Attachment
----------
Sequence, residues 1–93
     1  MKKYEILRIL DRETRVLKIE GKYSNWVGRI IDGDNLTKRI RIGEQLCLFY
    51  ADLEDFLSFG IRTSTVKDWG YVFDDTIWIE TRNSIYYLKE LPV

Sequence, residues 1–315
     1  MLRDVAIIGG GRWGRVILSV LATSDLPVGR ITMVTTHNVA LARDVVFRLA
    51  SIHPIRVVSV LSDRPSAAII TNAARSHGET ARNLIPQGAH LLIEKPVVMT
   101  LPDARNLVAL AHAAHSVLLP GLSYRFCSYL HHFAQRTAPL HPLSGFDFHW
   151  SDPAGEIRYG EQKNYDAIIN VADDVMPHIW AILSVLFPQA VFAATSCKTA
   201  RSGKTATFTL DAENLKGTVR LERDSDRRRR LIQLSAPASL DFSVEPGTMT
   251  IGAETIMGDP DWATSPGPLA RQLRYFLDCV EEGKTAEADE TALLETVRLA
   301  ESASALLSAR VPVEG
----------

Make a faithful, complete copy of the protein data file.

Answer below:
Sequence, residues 1–93
     1  MKKYEILRIL DRETRVLKIE GKYSNWVGRI IDGDNLTKRI RIGEQLCLFY
    51  ADLEDFLSFG IRTSTVKDWG YVFDDTIWIE TRNSIYYLKE LPV

Sequence, residues 1–315
     1  MLRDVAIIGG GRWGRVILSV LATSDLPVGR ITMVTTHNVA LARDVVFRLA
    51  SIHPIRVVSV LSDRPSAAII TNAARSHGET ARNLIPQGAH LLIEKPVVMT
   101  LPDARNLVAL AHAAHSVLLP GLSYRFCSYL HHFAQRTAPL HPLSGFDFHW
   151  SDPAGEIRYG EQKNYDAIIN VADDVMPHIW AILSVLFPQA VFAATSCKTA
   201  RSGKTATFTL DAENLKGTVR LERDSDRRRR LIQLSAPASL DFSVEPGTMT
   251  IGAETIMGDP DWATSPGPLA RQLRYFLDCV EEGKTAEADE TALLETVRLA
   301  ESASALLSAR VPVEG